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Patrizia Chen Headshot

An Expensive Kitchen Story

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One of my greatest passions is cooking. I love to plan dinners, even simple ones. It's like creating a poem or a symphony that will bring joy to me, the composer, and to those who'll sit around my table, my audience. They are the most important part of any culinary composition, recipients of the love I offer via the food I prepare.

Each time I feel the need for a new menu, I think of it as a score that will inspire the search for that special balance, for perfect harmony between appearance and taste.

Sometimes, though, dinners can become extremely expensive, as is the case with this year's long-planned Christmas celebrations.

I spend the holidays in Italy at our Umbrian house and come home Dec. 24. I'll have 18 people under the same roof -- rotating characters, of course, as our kids come and go, sisters and nephews fly in and out, and friends appear and disappear. Our home will be chock-full for the entire period spanning up to Jan. 6, the day of La Befana, one of my country's most beloved holidays.

A month ago, contemplating the weeks ahead, which will be pleasant and exciting but also hectic, I decided to indulge and present myself -- and by osmosis those who will attend the festivities -- with a well-deserved and long-awaited gift. A professional stove is something I've wished for my entire life.

The words extravagant and nonsensical kept floating inside my head, the guilt a tangible memento of having been brought up in a family that didn't believe in waste. I could hear my relatives tsk-tskiing my choice. After all, for centuries we had cooked wonderful meals with only the help of a simple range and lots of imagination. Hadn't I learned all I knew on a few gas burners and an antique wood-and-coal stove?

Yet, when I was in Italy, I pored over the magazines and catalogues tossed all over my bed, checked prices and drove around the Umbrian countryside dreaming of a sexy stove-top. Finally I gathered a few local friends around my kitchen table for advice.

They had plenty, as it turned out. Pasquale, Francesco and Giancarlo showed me their favorite option and informed me that it would take only half a day to install this marvel of technology, and I could get it in a week's time. Piece of cake. My new burners would, like all good professional ones, deliver either a high temperature or a low one. Sear or simmer, burn or caress -- visions of extraordinary dishes danced in my head. I could see myself stir-frying wonderfully plump Italian eggplants and crackling sage leaves; I imagined the ease of slow-cooking a perfect Brasato al Barolo or a winter stew.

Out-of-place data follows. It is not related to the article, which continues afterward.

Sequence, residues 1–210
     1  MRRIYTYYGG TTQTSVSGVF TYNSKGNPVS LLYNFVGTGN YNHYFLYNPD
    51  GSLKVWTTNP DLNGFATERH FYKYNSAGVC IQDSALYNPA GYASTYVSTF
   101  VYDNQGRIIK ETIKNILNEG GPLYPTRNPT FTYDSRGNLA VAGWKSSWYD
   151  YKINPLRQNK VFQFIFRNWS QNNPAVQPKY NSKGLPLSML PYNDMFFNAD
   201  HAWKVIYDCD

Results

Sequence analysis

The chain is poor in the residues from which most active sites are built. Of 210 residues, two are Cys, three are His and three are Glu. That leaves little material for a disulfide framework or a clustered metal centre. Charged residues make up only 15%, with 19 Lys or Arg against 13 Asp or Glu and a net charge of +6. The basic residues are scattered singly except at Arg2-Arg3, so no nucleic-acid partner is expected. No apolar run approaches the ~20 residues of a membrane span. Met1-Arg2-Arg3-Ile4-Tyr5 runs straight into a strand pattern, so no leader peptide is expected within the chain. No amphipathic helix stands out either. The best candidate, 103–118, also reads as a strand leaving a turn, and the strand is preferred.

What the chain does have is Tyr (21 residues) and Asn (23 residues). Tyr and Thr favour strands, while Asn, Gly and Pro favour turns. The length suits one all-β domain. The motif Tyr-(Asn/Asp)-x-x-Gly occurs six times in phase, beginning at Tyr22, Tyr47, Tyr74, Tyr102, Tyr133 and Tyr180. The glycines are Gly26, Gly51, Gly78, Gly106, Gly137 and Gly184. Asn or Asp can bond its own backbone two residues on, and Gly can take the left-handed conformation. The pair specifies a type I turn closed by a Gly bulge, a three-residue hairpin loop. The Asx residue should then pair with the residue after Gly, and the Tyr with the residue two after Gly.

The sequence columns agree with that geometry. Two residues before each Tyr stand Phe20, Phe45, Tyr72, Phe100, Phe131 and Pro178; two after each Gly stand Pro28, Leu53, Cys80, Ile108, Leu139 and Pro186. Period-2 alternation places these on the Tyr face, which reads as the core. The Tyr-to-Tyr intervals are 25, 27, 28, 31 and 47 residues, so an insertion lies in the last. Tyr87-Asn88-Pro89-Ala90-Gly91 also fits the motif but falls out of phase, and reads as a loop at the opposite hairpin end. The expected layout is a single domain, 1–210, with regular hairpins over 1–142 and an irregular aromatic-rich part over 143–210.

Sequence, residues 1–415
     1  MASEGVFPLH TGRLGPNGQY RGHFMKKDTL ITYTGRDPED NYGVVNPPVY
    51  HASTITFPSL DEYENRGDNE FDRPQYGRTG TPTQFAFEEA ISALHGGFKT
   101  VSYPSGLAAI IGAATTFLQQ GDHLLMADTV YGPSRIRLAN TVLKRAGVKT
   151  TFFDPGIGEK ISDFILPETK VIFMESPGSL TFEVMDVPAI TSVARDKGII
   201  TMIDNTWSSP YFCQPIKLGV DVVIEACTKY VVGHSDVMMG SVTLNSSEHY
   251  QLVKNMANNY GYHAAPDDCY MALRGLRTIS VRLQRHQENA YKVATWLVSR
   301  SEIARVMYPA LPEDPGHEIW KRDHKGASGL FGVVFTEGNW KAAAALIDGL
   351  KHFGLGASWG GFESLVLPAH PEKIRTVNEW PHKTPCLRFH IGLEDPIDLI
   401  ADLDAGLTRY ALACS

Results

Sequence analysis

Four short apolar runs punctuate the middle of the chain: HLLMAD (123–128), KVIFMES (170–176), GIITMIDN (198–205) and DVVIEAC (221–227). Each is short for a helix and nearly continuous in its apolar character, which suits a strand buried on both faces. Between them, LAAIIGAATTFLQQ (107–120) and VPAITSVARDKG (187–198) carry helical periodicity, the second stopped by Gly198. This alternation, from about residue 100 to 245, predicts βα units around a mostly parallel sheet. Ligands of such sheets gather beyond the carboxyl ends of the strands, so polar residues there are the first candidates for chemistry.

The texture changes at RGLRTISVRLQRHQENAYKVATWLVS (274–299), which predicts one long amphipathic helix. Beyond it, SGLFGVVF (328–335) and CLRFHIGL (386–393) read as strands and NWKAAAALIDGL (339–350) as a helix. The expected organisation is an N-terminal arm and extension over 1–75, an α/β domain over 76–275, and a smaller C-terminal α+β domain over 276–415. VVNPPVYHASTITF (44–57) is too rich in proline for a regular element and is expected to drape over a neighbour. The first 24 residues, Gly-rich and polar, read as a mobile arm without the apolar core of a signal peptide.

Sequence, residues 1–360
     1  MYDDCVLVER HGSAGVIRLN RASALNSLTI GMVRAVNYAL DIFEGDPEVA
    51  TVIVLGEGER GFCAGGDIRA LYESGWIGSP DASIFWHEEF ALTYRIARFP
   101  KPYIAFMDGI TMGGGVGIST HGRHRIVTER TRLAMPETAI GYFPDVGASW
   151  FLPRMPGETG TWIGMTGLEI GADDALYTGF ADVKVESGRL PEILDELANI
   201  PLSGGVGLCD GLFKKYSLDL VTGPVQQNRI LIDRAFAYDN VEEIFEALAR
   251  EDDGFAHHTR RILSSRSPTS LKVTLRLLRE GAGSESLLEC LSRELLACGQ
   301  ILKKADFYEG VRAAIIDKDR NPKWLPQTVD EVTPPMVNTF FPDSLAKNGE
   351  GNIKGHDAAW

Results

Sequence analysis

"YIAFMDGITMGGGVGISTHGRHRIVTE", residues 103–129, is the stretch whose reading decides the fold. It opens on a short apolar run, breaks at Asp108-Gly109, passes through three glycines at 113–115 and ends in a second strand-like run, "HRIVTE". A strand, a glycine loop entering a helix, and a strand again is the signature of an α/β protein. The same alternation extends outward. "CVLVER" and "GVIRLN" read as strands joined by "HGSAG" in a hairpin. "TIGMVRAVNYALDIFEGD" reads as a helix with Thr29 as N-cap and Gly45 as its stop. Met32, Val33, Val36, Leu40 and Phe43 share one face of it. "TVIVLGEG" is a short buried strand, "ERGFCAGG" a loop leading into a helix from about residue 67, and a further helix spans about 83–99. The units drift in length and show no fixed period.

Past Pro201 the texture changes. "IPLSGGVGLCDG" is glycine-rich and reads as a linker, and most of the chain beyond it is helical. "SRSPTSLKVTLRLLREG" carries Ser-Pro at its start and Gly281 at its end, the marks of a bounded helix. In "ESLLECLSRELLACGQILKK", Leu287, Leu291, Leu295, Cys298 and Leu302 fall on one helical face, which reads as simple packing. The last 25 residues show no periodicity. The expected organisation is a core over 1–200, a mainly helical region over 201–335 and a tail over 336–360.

And the price? Oh! They would treat me really well...

Hurriedly I signed the papers, and the stove was mine. It was better than a fancy new television set, better than a trip to the Caribbean, far better than any precious earring or a necklace...

I flew home to New York. A week went by before the phone rang. The voice was agitated. There was a problem. The stove was installed and it was beautiful.

"But?" I asked, hearing hesitation in the caretaker's speech.

Well, it couldn't be used. "You could die! And with you your entire family...," Rosalba reported. The hood didn't provide enough ventilation, and the heat produced by the powerful new range could easily blow up the entire house. Just a small detail.

Pasquale explained that we'd have to cut through the wall of my 13th-century kitchen, dig a hole behind the bedroom closet, reach up through the wall of a guest bedroom and finally break a hole in the roof and build a new chimney. Convinced that my new stove was more powerful than a nuclear reactor, and by now probably as expensive, I had to focus not only on the cost but also on the weather forecast, and the Umbrian sky wasn't helping. It's been raining since September, and all outside work across the region has come to a halt.

Panic quickly settled in, as I thought of serving cold food to hordes of famished family members, day after day and for weeks. I could picture the polite look in my guests' faces when presented, once again, with sliced prosciutto and cheese. A technical problem threatened to spoil My Big Italian Family Reunion.

Is it feasible to serve entirely oven-produced meals? And last but certainly not least, what will the final bill be? I started with a stove top and I've gotten myself a total kitchen make-over.
As of today the answer is still in the stars: Russian Roulette in an Umbrian Kitchen!

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